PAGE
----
At long last, I’m so excited to share with you part one of the travel diary of my recent trip up to Traverse City. As a native Michigander, I’m particularly excited about this post–I’m always looking for opportunites to expound on the merits of traveling to my home state. After all, as my father-in-law says, four out of five Great Lakes prefer Michigan.
Traverse City reached out to me this summer to see if I’d be interested in taking a trip up north this fall to visit their many breweries, restaurants, boutiques, and wineries. They had me at brewery. I planned a quick jaunt up in the middle of October, hoping for colorful leaves. Sadly, we were a bit early for the truly spectacular vistas to emerge in full fall glory, but we still thought the scenery was beautiful.
Traverse City is about a five hour drive from Chicago, which is about as far as I’d go for a long weekend. The drive makes up for its length with beautiful views. As we drove up the road snaked along the western edge of Michigan and we caught beautiful views of the lake along the way. Sadly, we arrived at the same moment as an enormous rainstorm. We spent our first afternoon in the city cuddled up in our room at the Cambria Hotel and Suites. Luckily, the room was decidedly cozy and there was football to watch. We made a quick run out for a mani pedi, but other than that we stayed in until our dinner reservation at 7 Monks Taproom.
7 Monks Taproom
Conveniently, our hotel provided a free shuttle anywhere into downtown Traverse City throughout the evening. Our driver gave us some handy tips along the way, and was pleased to hear we’d chosen 7 Monks as our dinner spot. As we made our way into the dimly lit, rustic-chic pub I had a feeling I was going to enjoy myself, a feeling which was only enhanced when I saw the beer list, which was chock full of Michigan beers of every variety.
They also had a live band that we quite enjoyed, though I never caught their name. Apologies in advance for the quality of the photos we took at 7 Monks–despite choosing the brightest table in the place we still had very little light to work with.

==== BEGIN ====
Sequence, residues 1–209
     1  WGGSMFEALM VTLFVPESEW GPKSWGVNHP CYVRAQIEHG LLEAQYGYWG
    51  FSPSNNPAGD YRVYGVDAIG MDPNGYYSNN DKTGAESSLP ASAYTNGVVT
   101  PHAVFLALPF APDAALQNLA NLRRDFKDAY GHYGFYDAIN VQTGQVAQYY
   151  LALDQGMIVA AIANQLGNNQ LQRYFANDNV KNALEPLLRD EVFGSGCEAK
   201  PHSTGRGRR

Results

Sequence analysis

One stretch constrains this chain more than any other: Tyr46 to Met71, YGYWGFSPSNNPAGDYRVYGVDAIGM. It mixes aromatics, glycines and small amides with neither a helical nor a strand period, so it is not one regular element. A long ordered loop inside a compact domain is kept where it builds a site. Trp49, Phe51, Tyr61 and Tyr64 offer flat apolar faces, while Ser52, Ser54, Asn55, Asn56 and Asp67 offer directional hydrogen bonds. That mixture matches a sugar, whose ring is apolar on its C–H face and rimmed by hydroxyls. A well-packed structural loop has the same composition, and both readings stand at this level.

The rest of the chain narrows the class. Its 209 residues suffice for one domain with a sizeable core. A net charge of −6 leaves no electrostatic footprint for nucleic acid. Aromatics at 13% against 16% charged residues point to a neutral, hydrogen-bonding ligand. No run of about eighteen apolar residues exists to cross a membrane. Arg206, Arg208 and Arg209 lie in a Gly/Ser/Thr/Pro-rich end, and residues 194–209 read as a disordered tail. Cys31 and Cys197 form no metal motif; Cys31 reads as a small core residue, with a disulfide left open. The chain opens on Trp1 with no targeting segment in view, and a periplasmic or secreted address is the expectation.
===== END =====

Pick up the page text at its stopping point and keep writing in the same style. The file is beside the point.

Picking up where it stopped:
|dress||–||Nordstrom Rack (similar)|
We ordered the cheese plate–I always order the cheese plate–as an appetizer and a flight of beers to go along with it. We sampled: Stone’s 6th Anniversary Porter, Railtown’s Good Mooed Milk Stout, Anchor Dry Hopped Steam Beer, and Greyline Firsthour. All were good, but I was partial to the Good Mooed. Not only am I generally a fan of darker beers, I’m also a fan of cute names.
I’m also a fan of cheese. All the jams and honeys that came with it were fantastic pairings.
I had the kale salad for dinner. I’m a sucker for kale salads, and since this one came with goat cheese, I was sold. It was superb.
Curtis, my husband, ordered the tikka masala, which was also quite good. His only complaint was that it was served with triangles of pita rather than naan. I think the Indian restaurants in Chicago have spoiled us.
7 Monks only has one dessert on the menu, and it’s all the desssert you’ll ever need: Moomers Ice Cream Sandwiches. Moomers is a Traverse City Ice Cream shop just down the street from 7 Monks, and their ice cream sandwiches come straight from heaven. We ordered the salted caramel sandwich to split and it was worth every calorie.
|trench||–||Banana Republic (current version)|
|ankle boots||–||New York and Company|
|ring||–||Charming Charlie (c/o)|
Being from Marquette, Michigan, I’m used to the harbor/marina area of a city on the great lakes to be something of a focal point. For that reason, we got up bright and early, thanked our lucky stars for the rain-free weather, and headed to the marina to snap some photos.
When we got there, I realized that the marina near downtown Traverse City is rather small. I found out later that, being nestled deep in a long narrow bay off of Lake Michigan, Traverse City’s main marina is located further up the arm of one of the penninsulas that surround it.